The Order of Malta’s doctors and psychologists tackle the new drama in the Strait of Sicily
The latest figures speak of over 300 dead. The Pope’s appeal
“Say what you like, but when you’re on a patrol boat in a force-8 sea and you go to rescue a small, half-deflated and sinking dinghy over 100 miles out, it’s more likely that you won’t find anyone than you’ll be saving lives,” says Mauro Casinghini, National Director of the Order of Malta’s Italian Relief Corps, the day after the new tragedy off Lampedusa, in which over 300 immigrants died. A figure which is rising by the hour as the survivors testify to four dinghies departing from Tripoli with 460 refugees on board, including women and children, mostly coming from Mali, the Ivory Coast, Senegal and Niger.
The bad weather conditions caused one boat to sink a few miles out of Libya, while another lost air not long after and the third started to ship water. The Italian Coastguards managed to save the fourth dinghy last Monday with over a hundred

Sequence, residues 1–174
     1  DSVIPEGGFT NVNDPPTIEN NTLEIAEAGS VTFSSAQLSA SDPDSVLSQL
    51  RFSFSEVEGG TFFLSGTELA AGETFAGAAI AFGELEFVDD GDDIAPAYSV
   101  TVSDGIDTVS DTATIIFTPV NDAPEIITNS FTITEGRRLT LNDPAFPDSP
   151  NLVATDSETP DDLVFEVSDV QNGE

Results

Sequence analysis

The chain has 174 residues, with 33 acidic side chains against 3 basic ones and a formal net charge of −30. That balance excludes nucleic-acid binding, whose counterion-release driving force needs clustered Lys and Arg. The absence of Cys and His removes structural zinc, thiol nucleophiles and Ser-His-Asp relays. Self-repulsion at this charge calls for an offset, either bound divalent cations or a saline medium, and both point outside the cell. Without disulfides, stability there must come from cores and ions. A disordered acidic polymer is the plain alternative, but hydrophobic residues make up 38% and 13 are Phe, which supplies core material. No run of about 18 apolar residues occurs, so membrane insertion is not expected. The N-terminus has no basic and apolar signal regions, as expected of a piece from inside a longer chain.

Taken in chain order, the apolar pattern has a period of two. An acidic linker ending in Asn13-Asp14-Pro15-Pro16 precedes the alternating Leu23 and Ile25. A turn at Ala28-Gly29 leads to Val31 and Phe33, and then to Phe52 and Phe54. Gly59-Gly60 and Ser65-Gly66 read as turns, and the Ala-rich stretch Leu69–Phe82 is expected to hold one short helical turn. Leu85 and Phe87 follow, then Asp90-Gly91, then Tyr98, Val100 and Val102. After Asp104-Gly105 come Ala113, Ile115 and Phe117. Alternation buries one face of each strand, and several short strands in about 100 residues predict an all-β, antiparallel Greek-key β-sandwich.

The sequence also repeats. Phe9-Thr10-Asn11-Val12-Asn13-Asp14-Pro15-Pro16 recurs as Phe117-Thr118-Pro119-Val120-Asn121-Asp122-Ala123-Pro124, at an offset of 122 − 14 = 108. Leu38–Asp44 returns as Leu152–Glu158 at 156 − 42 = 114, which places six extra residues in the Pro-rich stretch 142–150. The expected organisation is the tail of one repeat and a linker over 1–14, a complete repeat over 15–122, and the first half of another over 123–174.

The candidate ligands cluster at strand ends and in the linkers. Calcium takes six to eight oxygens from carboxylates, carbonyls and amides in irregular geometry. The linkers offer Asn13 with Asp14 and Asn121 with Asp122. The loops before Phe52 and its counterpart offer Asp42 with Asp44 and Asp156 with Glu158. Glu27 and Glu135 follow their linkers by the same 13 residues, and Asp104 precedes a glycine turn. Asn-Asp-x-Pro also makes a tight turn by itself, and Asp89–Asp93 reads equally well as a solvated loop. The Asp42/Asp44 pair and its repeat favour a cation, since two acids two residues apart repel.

immigrants aboard, of whom twenty-nine were dead from hypothermia. The doctors, nurses and rescuers from the Order of Malta’s Italian Relief Corps were also on board the patrol boats. Since 2008 they have been present on the island of Lampedusa with teams embarked on the main Coastguard and Navy vessels as well as the Finance Police boats.
“Not even the largest vessel, except for the Class 300 patrol boats – those with the orange dinghies – could have arrived faster to rescue the immigrants, already in serious difficulty, besides being exhausted,” Mauro Casinghini told us. “The Order of Malta’s people have helped to achieve a miracle, saving a least 70 refugees who without the intervention of those patrol boats would have ended up like all those other hundreds and hundreds who lie on the bottom of the Mediterranean”.
Just as in other similar tragic events, the Order of Malta’s Relief Corps’ psychologists arrived in Lampedusa to assist the Coastguards’ personnel and the Order’s doctors and nurses already present.
There was also the appeal of Pope Francis who, in his Wednesday audience in St. Peter’s Square, expressed his profound sorrow for yet another disaster at sea and added: “I wish to ensure you of my prayers for the victims and once again to encourage solidarity, in order that no one lack the necessary aid”.